No one left behind

This week is an international week of Climate Action, marked by marches, demonstrations and climate strikes held around the world. Youth are leading the way, bringing their outrage and demands for immediate and systemic action on the climate crisis to those in power.  We often talk about climate change and food in relation to the impact of agriculture and the food system on climate change … Continue reading No one left behind

Elections and You

There’s a federal election! The person elected to represent you and your riding will have opportunities to shape public policy and legislation at the federal level over the next four years.   We often think of food as a local issue, but food-related policies and programs are an important part of federal action.   While some responsibilities are shared across different levels of government, the federal government … Continue reading Elections and You

One Farm’s Approach to Climate Resilience

This spring, I had the extreme good fortune of visiting Broadfork Farm, where a couple of my farm heroes, Shannon and Bryan, so lovingly and conscientiously produce beautiful vegetables and flowers. They farm with the well-being of every living thing they interact with at heart, from prioritizing nutrient-dense food production for their consumers, to creating habitat for the many creatures that add to the biodiversity … Continue reading One Farm’s Approach to Climate Resilience

Growing food in a Changing Climate

I am a Community Food Coordinator in Cape Breton, and I am also a small-scale vegetable farmer at Local Motive Farm. In both of these roles, climate change is on my mind on a daily basis. My work day consists of holding the big picture of the food system in Cape Breton, while juggling many balls as my team and I work towards shifting this … Continue reading Growing food in a Changing Climate

Transforming communities through Food: the Mobile Food Market

When the Halifax Mobile Food Market launched in 2015, the goal was simple but powerful: to bring fresh, affordable foods to communities in Halifax with limited access to healthy food. But more than a place to buy fresh food, the markets evolved into vibrant community gathering spaces where neighbours connect, customers learn new food skills, children play while parents shop, and community residents come to … Continue reading Transforming communities through Food: the Mobile Food Market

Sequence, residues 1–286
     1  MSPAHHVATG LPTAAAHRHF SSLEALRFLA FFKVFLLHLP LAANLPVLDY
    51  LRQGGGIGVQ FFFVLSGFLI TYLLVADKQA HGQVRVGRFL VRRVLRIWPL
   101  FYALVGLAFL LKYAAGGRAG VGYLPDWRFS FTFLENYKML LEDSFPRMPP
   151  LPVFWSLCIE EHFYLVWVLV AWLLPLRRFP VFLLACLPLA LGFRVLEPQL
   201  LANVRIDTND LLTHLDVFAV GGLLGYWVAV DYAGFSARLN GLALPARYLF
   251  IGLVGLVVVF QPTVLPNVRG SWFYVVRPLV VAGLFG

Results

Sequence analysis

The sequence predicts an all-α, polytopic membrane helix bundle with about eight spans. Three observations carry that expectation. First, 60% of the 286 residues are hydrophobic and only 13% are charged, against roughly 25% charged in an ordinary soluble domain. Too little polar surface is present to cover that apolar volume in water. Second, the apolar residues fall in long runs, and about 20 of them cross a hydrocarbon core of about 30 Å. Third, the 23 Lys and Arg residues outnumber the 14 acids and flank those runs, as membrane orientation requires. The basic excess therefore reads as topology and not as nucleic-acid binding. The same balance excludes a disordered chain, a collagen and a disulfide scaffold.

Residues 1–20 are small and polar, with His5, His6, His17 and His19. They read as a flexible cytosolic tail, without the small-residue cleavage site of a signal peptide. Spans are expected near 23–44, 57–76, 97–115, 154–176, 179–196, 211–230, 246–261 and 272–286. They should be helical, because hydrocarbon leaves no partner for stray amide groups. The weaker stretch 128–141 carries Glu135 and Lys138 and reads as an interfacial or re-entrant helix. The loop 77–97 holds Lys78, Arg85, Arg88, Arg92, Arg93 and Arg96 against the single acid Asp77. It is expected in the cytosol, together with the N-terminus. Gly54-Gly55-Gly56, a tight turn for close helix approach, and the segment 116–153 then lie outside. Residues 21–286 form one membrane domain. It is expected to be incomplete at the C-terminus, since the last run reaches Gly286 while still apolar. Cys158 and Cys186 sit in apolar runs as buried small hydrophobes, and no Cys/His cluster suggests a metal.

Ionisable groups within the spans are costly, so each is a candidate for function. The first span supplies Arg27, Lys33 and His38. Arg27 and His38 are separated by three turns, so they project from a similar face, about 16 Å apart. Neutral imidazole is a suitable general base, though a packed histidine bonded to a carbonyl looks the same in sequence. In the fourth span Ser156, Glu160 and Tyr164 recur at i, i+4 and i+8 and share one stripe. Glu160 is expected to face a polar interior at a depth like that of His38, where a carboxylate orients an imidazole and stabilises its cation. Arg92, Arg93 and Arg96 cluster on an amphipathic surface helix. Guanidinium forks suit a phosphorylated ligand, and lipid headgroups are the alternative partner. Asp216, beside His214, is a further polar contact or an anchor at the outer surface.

Indigenous Food: Reclaiming Traditions, Rights, and Future

This was written in Unama’ki, also known as Cape Breton, the unceded and traditional lands of the Mik’maq People. We are grateful to the Mi’kmaq for their stewardship of this territory, so that we may all continue to be nourished by the generosity of the plants and animals therein. My Food Sovereignty I am Cree-Métis, raised by my mother and my grandmother on a homestead … Continue reading Indigenous Food: Reclaiming Traditions, Rights, and Future

Photo of people in front of Wolfville Farmers' Market

The Next Wave in Local Food

Farmers’ markets are in abundance in Nova Scotia; they play an important role in our local food economy and in our communities. Uniquely, farmers’ markets gain both their stability and opportunity for growth through the relationships that they foster. The Wolfville Farmers’ Market (WFM) began in 1992 with three vendors in a parking lot in the middle of town. It has now grown into a … Continue reading The Next Wave in Local Food

So Much Rhubarb!

Ahhhh…‘tis the season for rhubarb. It always seems that folks that don’t have rhubarb in their gardens can’t get enough of this astringent veggie, and those that don’t want it can’t get it out of their garden. If you don’t want it, you probably just don’t know how versatile it is. We’re going to share a few of our favourite recipes to remedy that. STEWED … Continue reading So Much Rhubarb!

Seedy Language: choosing the right seeds for your garden

Deciding between 2o types of Tomatoes can be a daunting task. Not only do I have to pick between a pages of tantalizing descriptions of different varieties but then theres the added task of deciding between Open Pollinated, Hybrid and Organic. What do those words even mean?! To answer these questions, we welcome Michelle Smith, board member of seeds of diversity. Continue reading Seedy Language: choosing the right seeds for your garden

Fiddlehead Fever

Nothing says it’s spring more than fiddleheads! These tightly furled shoots of the Ostrich Fern are named for their resemblance to the head of a fiddle (violin). This fern typically grows in moist, shady environments, which are commonplace in rural NS. For folks around these parts, foraging for fiddleheads is engrained in the culture. As a come from away, it has taken me several years … Continue reading Fiddlehead Fever